As I learned more about him, I just found him really interesting.  Here was a Duke graduate from the 1960′s who– from Manhattan– was writing thousands and thousands of words about the darker sides of Duke.  I definitely wasn’t the only one who wondered why he was running this blog and why he cared so much years after leaving Duke.

My other motivation was that he was growing a following on campus.  Duke is planning to open a campus in China in 2013, and some faculty have opposed the plans pretty vocally.  Fact Checker would post confidential documents online that faculty would anonymously pass on to him, and it drove some people at Duke absolutely crazy that the information was being leaked.  I got the sense that his criticism of the China plans was influencing the way that a number of people at Duke were thinking about the campus, and so I thought a story about where he was coming from was important.

Rickards has obviously rubbed some Duke administrators the wrong way and I’m guessing came across as cantankerous to you at first.  What are your impressions of him now that you’ve interviewed him?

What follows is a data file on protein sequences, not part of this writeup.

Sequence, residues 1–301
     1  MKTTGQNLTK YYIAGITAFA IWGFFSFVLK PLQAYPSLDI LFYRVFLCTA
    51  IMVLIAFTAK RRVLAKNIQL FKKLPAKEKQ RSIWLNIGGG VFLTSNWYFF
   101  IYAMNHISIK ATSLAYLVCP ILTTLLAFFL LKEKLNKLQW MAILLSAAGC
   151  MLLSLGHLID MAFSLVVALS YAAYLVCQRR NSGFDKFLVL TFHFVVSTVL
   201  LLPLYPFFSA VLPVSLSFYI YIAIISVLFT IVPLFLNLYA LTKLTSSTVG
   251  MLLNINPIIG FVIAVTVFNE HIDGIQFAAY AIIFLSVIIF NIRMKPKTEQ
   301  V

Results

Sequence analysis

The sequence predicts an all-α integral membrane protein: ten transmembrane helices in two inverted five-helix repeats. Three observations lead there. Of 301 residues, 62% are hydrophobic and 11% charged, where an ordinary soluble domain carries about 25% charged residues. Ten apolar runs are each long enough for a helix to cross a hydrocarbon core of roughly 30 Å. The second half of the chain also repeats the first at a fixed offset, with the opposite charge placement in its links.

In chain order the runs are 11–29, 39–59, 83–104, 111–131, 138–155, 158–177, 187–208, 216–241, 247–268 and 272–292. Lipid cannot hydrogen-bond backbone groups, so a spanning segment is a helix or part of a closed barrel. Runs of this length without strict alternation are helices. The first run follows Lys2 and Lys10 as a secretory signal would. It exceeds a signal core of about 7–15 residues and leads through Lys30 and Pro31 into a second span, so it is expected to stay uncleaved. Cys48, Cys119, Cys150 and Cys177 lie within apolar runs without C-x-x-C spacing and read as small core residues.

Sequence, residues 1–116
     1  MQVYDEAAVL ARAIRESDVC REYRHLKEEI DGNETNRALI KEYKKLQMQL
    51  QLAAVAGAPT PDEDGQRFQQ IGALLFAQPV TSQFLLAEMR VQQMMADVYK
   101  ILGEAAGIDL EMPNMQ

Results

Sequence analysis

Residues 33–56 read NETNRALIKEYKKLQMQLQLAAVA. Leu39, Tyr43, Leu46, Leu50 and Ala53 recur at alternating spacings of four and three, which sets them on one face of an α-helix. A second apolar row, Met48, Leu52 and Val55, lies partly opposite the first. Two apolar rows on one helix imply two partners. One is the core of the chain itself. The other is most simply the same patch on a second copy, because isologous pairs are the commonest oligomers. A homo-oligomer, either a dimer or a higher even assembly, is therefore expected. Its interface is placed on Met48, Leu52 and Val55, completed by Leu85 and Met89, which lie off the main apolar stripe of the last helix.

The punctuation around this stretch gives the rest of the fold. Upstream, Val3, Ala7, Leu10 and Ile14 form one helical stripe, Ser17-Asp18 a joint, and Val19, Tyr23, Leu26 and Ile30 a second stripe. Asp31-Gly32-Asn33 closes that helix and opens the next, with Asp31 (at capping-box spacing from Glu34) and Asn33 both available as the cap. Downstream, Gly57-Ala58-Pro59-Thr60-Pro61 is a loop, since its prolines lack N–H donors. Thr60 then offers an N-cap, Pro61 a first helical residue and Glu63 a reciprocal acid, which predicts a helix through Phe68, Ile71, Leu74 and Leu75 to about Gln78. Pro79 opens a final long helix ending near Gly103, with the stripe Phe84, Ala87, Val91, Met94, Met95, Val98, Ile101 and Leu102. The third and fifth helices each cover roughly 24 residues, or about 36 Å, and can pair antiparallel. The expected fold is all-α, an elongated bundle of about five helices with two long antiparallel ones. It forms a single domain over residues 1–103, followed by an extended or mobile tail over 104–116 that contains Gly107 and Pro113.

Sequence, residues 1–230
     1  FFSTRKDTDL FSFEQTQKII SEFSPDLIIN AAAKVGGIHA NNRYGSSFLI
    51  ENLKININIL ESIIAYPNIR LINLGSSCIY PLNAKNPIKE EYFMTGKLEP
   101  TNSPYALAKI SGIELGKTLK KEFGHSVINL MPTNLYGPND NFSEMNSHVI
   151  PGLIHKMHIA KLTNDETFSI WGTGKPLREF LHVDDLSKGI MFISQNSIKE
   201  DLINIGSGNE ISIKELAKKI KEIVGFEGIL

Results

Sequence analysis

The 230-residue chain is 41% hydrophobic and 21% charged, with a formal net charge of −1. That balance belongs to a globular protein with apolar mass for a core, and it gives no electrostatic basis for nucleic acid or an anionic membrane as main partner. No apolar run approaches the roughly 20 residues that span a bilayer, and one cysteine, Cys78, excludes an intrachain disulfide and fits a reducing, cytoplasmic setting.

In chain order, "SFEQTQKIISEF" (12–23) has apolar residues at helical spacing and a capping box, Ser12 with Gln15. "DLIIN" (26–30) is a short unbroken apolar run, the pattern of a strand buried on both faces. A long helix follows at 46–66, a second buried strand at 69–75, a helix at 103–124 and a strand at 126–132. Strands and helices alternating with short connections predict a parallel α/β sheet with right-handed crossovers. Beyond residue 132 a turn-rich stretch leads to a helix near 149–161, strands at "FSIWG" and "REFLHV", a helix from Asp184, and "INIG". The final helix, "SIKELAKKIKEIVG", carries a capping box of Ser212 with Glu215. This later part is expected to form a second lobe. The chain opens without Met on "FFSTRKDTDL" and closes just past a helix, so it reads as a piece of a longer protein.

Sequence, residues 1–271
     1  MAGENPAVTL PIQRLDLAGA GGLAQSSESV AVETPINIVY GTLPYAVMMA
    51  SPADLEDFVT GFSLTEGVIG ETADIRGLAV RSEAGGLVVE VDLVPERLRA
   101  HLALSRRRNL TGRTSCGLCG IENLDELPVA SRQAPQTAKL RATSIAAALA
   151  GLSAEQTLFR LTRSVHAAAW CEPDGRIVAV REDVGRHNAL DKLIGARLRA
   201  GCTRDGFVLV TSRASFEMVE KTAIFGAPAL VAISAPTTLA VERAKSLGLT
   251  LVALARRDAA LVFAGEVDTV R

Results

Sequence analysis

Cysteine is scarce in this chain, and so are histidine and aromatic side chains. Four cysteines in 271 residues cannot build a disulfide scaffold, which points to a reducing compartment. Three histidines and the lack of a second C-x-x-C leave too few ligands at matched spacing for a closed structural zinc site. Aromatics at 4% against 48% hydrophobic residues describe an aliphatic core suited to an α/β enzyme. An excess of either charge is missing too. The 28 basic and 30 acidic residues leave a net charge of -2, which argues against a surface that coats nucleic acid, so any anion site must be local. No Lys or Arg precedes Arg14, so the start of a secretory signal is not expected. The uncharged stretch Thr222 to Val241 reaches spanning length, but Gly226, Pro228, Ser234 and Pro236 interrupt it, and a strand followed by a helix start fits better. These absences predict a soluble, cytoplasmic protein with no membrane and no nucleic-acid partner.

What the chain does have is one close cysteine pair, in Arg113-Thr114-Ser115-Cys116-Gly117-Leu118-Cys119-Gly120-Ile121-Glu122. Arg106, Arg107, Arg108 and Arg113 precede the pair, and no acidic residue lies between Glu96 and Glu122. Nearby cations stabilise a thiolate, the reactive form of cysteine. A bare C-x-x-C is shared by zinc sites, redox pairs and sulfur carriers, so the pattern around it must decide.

He was just as entertaining and quirky as I had hoped when I started reporting.  That made the story easy to tell, because he told me so many anecdotes that really gave what I thought was a good sense of his personality, character, and life philosophy.  We also finished the profile on good terms, which was interesting because I do disagree with some of his work.  I think he can present situations in ways that are misleading and biased, and I told him that when we met.  But he was respectful as a source and always willing to talk.  He seemed to enjoy the process.  A few days after the story came out, he sent me an email and said he enjoyed reading the profile and asked me to send him a print copy.

How does the Chronicle view Rickards’ blog– is it competition, a source for ideas, a National Enquirer-type outlet to read for a laugh?